Father Lawrence Jenko is an American Roman Catholic priest who was held hostage in Beirut, Lebanon, for 564 days in the 1980's. He was secluded in various apartments and was most often chained blindfolded to a radiator. (In the Arab world, if you see your captors you must die.) When he was moved he was gagged with a dirty rag in his mouth, wrapped like a mummy, placed under the chassis of a truck, and driven around for an hour or two to a new location. Because of the constant blindfold, he never knew, when he was being touched, whether it was a touch of violence or a touch of compassion. In the beginning he was imprisoned alone, but later he was held with William Buckley, Ben Weir (a Presbyterian Minister), John Jacobson (a CNN reporter), and Terry Anderson. Both the heat and the cold were unbearable. There was torture and abuse. He was allowed to leave his cell once a day, to go to the bathroom, when his captors felt like it. Father Jenko said that he survived by repeating over and over several phrases. One is an old Jewish proverb: "When violence happens, first you cry, then you sing, and then you remain silent." He also said to himself during periods of torture, "I am a person of dignity. I am loved, I am worthy, and I do have a destiny." He also celebrated the Eucharist every day, even when all he had to offer was a small pile of dust from the floor. His guards were often cruel. Sometimes, however, they would ask if he needed anything. His little joke with them was, "only a little money for a taxicab to Damascus." One day, the cruelest of the guards slipped something into his pocket. Then once again he was bound, gagged, and blindfolded, driven two hours under a truck to the outskirts of Damascus, where he was dumped by the side of the road. When he finally freed himself, removed the blindfold and a gag, he found in his pocket enough money to take a taxicab to the center of the city...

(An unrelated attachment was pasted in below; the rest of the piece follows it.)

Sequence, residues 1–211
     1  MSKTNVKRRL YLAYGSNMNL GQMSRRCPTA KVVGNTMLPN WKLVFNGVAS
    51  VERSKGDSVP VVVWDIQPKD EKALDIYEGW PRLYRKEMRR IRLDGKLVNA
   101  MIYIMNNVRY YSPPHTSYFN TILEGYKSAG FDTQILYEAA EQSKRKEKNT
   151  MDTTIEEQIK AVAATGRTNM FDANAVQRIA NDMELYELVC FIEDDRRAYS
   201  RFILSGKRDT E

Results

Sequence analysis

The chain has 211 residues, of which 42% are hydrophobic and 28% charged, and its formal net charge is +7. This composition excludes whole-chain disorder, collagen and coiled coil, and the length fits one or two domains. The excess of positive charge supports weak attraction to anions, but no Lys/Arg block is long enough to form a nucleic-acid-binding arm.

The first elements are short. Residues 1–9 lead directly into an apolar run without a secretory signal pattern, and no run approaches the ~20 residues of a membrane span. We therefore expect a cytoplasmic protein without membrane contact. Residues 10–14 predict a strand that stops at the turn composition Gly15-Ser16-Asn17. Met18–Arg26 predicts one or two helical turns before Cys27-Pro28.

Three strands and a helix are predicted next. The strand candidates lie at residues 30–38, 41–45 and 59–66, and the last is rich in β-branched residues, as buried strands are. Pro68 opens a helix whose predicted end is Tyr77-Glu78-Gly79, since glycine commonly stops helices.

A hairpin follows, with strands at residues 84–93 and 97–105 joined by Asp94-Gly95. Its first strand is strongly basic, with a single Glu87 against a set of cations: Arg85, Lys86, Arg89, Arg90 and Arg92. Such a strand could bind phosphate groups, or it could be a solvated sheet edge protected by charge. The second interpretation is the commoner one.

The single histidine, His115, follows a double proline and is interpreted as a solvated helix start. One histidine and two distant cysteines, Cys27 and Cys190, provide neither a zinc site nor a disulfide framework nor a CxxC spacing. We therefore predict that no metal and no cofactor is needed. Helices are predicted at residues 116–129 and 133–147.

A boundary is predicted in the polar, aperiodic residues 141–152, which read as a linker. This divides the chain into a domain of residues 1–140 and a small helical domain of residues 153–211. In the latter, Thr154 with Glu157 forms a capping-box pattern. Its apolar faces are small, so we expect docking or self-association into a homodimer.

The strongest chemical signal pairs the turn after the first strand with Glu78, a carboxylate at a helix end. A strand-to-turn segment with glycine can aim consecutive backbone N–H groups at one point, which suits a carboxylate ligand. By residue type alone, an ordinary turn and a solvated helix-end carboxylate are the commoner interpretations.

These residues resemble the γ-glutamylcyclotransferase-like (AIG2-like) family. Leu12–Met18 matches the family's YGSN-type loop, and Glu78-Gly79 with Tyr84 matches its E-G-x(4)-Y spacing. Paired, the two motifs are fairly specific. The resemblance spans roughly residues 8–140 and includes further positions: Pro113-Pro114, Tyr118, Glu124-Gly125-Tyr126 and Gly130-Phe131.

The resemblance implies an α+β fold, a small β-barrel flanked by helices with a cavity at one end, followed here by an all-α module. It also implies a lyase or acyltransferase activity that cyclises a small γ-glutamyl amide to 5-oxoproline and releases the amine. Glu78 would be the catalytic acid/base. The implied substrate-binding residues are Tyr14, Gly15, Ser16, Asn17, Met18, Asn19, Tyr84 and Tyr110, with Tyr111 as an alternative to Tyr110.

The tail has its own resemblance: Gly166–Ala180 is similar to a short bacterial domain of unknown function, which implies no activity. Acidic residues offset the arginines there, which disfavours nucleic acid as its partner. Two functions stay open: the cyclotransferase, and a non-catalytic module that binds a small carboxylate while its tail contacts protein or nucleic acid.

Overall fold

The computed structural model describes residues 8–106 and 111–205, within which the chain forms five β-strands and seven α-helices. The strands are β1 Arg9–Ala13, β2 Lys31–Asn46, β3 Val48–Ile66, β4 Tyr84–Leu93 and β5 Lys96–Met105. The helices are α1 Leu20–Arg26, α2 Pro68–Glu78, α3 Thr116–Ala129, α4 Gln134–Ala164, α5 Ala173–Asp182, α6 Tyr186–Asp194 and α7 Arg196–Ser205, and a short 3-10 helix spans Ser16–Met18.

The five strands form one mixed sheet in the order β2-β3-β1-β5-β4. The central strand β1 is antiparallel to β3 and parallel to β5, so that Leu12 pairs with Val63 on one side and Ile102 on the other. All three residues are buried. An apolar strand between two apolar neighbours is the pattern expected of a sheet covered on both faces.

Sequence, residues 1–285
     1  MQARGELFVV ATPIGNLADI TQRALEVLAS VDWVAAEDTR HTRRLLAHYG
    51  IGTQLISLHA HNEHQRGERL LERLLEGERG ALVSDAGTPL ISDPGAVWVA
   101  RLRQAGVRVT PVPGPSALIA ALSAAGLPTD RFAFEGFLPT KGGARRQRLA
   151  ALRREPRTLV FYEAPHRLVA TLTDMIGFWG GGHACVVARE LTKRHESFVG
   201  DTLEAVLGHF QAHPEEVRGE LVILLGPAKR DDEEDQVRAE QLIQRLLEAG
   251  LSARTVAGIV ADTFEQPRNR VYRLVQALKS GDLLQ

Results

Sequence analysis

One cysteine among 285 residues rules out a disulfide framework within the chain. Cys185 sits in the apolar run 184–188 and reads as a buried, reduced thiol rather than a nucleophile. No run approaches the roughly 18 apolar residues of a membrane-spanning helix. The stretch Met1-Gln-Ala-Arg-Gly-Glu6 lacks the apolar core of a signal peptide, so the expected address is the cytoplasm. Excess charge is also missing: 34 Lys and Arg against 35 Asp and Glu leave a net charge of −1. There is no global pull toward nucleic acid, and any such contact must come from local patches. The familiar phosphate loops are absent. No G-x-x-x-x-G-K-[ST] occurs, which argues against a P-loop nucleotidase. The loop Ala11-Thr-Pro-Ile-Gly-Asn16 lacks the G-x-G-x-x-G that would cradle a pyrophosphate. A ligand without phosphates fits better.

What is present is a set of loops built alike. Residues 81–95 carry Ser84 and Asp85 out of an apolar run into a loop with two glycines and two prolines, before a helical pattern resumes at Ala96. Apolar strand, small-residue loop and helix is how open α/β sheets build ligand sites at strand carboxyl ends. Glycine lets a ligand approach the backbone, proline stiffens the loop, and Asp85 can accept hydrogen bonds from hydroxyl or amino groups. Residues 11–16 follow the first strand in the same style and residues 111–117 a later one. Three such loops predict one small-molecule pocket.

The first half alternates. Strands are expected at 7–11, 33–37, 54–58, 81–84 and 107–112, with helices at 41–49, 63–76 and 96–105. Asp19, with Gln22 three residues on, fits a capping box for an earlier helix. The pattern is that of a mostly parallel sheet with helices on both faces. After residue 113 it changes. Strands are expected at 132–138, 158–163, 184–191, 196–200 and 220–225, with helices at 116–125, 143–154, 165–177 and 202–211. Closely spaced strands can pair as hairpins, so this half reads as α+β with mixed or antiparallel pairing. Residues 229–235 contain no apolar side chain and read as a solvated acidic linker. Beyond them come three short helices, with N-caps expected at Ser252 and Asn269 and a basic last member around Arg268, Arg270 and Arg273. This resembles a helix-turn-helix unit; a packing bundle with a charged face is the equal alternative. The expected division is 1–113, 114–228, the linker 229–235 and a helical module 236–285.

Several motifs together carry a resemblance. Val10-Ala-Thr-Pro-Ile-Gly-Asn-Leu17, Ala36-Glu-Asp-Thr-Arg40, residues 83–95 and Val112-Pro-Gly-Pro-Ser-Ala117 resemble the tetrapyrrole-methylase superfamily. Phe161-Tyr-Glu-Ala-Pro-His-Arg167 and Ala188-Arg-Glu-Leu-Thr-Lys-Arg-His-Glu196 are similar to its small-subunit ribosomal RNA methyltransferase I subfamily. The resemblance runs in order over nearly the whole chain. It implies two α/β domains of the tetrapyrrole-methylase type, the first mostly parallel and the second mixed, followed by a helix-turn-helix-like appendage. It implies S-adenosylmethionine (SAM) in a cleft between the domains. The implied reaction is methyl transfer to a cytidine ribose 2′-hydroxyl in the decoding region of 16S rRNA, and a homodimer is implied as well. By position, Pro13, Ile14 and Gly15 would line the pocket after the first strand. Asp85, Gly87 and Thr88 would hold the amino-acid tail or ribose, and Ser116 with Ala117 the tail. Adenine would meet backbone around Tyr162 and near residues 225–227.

• And God Said: The Power of the Word in Myth and Metaphor

    by Ann-Mary MacLeod
    ("The way that myth is taught at Pacifica is that it is all the stories, of all human beings, of all time in their urge and desire to understand their relationship with the world. Myth is how we make sense of being. I love one particular interview of Joseph Campbell done by a young fellow...")